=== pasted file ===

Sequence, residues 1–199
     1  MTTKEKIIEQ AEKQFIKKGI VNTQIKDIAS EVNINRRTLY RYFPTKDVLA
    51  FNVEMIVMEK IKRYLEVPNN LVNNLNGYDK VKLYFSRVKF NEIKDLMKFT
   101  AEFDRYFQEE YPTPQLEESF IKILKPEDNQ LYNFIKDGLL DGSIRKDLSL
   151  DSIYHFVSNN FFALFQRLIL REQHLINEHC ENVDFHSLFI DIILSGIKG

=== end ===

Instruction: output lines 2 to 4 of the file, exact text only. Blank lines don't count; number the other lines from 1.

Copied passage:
     1  MTTKEKIIEQ AEKQFIKKGI VNTQIKDIAS EVNINRRTLY RYFPTKDVLA
    51  FNVEMIVMEK IKRYLEVPNN LVNNLNGYDK VKLYFSRVKF NEIKDLMKFT
   101  AEFDRYFQEE YPTPQLEESF IKILKPEDNQ LYNFIKDGLL DGSIRKDLSL